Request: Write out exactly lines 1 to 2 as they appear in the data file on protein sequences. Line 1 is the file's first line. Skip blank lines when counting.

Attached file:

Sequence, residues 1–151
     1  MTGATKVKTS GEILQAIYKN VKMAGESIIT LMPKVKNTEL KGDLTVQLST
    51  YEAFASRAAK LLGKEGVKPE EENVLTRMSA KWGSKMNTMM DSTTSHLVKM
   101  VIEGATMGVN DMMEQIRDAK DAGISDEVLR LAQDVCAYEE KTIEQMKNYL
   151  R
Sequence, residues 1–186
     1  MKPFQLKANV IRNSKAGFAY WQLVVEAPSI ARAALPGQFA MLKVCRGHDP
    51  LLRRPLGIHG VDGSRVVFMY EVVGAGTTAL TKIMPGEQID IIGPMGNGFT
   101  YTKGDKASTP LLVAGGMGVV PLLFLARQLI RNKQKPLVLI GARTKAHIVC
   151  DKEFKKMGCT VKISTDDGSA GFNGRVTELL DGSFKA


Sequence, residues 1–151
     1  MTGATKVKTS GEILQAIYKN VKMAGESIIT LMPKVKNTEL KGDLTVQLST